Every company has a company culture. The emergence of remote work arrangements has had a range of impacts on company culture, how workforces communicate and overall employee engagement. As our global workforce makes a definite shift towards the accepted, and in some instances expected, model that includes varying degrees of remote and flexible work arrangements, the challenge for employers deepens to develop an appealing and engaging company culture.
A good starting point for businesses is to understand if and why they are taking on a flexible or remote workforce.
Some of the primary reasons that companies across the globe have embraced remote workforces include:
• Expanding on the available talent pool
• Helping to improve employee satisfaction
• Improving employee retention rates
• Improving productivity
• Saving employees in travel time and the expense
• Saving employers costs such as office space and facilities
Technology has unquestionably been the enabler of our increasing flexible and remote workforce. With the influx of high-performance portable devices and improving internet networks, coupled with evolving technology platforms that allow teams to check-in, share, collaborate and submit work from any location has meant many roles can now be more flexible.
The management of people working remotely will also rely on technology to deliver solutions. But it is people, with a great plan, communication skills and the ability to measure outcomes that will ultimately make the remote work culture work.
Building a strong company culture that can be maintained via the remote work environment is essential, as the expectation is not likely to be changing in the foreseeable future. Consider how much employees expectations have changed in recent years around what, why and when they work:
|Work Hours||9am – 5pm||Anytime|
|Employer||Good Boss||Great Colleagues|
Some essential steps in creating and then maintaining a remote corporate culture include:
1. Corporate Values.
Develop your Corporate Values and then clearly communicate these values with your whole team. Make your values available for your team to refer to at any time.
2. Corporate Culture.
Work out what you want your Corporate Culture to be. Develop your Company Culture Code. This will reflect who you are as a company and also what you aspire to be as a company. Once this is clear, document it, share it, talk about it and live it. Remind your team often and publicly.
3. Make Your Welcomes Public.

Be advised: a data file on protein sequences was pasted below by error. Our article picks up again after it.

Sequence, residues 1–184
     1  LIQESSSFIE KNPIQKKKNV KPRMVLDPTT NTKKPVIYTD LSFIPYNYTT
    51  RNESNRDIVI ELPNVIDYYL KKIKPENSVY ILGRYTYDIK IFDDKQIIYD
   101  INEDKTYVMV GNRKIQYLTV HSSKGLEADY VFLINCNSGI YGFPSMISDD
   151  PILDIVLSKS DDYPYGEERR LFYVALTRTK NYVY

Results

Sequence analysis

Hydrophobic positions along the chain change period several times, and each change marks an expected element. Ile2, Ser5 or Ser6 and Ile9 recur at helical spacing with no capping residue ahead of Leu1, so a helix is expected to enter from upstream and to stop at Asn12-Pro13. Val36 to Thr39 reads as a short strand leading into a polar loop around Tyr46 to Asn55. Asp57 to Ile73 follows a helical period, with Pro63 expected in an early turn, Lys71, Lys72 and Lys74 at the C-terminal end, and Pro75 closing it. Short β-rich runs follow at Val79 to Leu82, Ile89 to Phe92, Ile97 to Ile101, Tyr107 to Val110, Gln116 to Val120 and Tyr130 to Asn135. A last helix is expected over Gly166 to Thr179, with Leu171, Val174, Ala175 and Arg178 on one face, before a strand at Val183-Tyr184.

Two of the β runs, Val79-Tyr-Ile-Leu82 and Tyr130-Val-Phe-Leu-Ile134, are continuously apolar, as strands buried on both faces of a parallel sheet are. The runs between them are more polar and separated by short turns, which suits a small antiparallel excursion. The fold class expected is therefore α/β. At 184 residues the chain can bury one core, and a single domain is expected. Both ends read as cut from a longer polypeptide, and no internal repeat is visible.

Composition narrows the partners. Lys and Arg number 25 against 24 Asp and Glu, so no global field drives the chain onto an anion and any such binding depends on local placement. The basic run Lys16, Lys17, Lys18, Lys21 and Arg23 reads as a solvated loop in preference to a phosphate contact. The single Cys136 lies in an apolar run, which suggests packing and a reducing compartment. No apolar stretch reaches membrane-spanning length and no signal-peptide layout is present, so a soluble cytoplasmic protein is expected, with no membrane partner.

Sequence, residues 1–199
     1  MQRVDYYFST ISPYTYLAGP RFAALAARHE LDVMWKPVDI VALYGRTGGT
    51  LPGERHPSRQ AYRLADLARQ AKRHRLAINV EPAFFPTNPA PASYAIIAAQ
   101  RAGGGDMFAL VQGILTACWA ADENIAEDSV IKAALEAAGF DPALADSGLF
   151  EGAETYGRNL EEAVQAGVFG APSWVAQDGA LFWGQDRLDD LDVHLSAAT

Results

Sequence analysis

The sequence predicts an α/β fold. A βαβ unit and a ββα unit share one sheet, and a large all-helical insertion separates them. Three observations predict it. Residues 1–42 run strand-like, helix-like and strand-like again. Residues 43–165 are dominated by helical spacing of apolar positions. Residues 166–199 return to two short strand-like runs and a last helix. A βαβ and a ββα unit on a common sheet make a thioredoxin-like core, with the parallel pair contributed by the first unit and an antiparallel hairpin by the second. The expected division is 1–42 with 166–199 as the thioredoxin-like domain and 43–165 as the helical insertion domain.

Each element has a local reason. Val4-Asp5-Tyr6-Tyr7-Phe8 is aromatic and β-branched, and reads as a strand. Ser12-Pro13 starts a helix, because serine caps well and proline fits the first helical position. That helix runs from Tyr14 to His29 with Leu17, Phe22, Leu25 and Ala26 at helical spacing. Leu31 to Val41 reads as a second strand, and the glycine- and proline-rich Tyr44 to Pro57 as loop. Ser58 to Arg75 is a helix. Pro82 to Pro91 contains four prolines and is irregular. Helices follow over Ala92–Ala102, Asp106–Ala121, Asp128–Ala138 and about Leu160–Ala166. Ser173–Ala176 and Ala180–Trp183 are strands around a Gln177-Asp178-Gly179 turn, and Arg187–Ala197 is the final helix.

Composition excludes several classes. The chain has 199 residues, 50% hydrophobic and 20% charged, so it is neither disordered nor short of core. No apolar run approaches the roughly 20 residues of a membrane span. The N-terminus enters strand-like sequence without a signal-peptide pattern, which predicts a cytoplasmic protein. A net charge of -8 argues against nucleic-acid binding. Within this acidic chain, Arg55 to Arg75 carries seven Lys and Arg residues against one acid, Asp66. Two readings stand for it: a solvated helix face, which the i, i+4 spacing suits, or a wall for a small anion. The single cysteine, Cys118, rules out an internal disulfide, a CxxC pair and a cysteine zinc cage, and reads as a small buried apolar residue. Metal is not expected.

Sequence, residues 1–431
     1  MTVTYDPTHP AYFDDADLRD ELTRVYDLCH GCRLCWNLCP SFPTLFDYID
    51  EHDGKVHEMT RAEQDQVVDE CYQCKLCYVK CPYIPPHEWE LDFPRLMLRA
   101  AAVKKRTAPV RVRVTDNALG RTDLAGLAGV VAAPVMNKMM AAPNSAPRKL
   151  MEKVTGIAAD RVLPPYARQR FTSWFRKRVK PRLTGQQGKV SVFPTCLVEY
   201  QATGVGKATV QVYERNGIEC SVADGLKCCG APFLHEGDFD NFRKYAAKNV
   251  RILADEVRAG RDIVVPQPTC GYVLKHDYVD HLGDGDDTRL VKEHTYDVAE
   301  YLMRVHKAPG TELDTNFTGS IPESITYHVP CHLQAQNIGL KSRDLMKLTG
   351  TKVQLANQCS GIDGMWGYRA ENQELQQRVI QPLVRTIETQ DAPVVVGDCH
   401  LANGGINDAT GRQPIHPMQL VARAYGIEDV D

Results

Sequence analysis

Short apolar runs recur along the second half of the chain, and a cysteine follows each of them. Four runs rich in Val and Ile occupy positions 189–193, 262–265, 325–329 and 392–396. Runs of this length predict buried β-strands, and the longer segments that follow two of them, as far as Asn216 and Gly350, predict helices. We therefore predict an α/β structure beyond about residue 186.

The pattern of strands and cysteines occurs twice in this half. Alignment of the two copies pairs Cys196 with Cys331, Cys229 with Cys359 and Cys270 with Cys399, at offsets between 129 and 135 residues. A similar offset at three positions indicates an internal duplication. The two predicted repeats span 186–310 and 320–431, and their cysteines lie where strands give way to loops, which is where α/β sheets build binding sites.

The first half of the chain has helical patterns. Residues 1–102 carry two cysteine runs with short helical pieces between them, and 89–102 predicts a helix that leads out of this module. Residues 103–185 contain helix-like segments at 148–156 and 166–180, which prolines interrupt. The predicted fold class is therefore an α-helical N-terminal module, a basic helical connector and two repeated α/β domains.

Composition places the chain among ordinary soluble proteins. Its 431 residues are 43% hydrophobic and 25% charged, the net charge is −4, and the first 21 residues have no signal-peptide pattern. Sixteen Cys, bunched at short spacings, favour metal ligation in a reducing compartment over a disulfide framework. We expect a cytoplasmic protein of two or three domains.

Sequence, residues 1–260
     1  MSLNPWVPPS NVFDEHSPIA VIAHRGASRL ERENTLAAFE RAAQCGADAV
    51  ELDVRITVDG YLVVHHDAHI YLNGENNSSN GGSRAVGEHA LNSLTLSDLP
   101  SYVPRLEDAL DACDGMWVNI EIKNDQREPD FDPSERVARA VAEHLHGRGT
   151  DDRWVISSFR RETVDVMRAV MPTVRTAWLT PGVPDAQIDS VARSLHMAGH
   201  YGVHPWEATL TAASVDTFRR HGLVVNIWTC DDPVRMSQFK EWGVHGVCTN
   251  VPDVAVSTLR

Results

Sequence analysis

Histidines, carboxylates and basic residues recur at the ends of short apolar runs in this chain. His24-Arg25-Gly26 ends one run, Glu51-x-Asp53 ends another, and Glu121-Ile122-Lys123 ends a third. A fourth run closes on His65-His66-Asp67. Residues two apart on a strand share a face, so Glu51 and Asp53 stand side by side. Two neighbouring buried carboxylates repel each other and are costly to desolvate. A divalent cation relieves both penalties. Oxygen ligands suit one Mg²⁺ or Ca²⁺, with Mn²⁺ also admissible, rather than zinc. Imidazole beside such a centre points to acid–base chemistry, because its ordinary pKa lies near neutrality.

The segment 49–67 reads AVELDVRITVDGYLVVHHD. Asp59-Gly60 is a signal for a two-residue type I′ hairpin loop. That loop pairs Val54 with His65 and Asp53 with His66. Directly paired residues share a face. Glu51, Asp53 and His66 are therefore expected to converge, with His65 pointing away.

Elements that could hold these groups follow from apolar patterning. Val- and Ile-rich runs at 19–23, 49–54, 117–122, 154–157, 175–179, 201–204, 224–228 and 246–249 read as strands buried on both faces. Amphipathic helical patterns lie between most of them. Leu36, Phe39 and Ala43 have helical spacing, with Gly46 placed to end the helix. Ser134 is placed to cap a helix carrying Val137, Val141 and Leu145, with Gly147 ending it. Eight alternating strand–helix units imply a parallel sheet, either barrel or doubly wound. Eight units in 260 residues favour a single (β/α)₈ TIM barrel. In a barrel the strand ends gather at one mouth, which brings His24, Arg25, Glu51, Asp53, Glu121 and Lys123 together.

When a new employee joins the company welcome them publicly in front of the whole team. Be clear to your team who this person is, what role they are doing for the business and encourage welcoming them to the team. Also praise your team publicly, when and where it is appropriate. If someone has a big win, share this with your whole company.
It is easy for people to slip into operating as an island when they are working remotely. Encourage as part of the Company Culture and the management teams style that communication is open and transparent.
5. Technology Platforms.
Research, set up and then monitor the key communication platforms to suit your team and the roles that are performed remotely. It is also important to develop the expectations around what each platform is used for and what is an acceptable standard of behaviour within each environment.
6. Develop A Social Environment and Regular Catch Up Program
Being able to socially engage in the work-place is one of the foundations for creating a sense of affinity with a business. It is beneficial to set-up this casual environment online where people can gather and chat about things that they may have in common outside of the workplace. By having this environment company driven, you are also able to establish sensible ground rules such as the use of offensive language, inappropriate humour and an expectation of respect amongst colleagues.
7. Communicate Regularly.
Communicate with everyone on the team clearly and regularly. Communication will form the foundation for either success or failure for any remote team. Ensuring you get this right is essential.
8. Clear Roles.
Be clear about each team member’s role and communication the expectations around performance clearly.
9. Measure Engagement as well as Performance.
Put in place processes to measure each of your employees’ performance, based on their individual role. More regularly, check-in on their engagement levels. Weekly or monthly surveys can be invaluable in establishing personal happiness indicators such as their general mood, feelings of isolation, the expectation around receiving suitable support, or a possible lack of communication.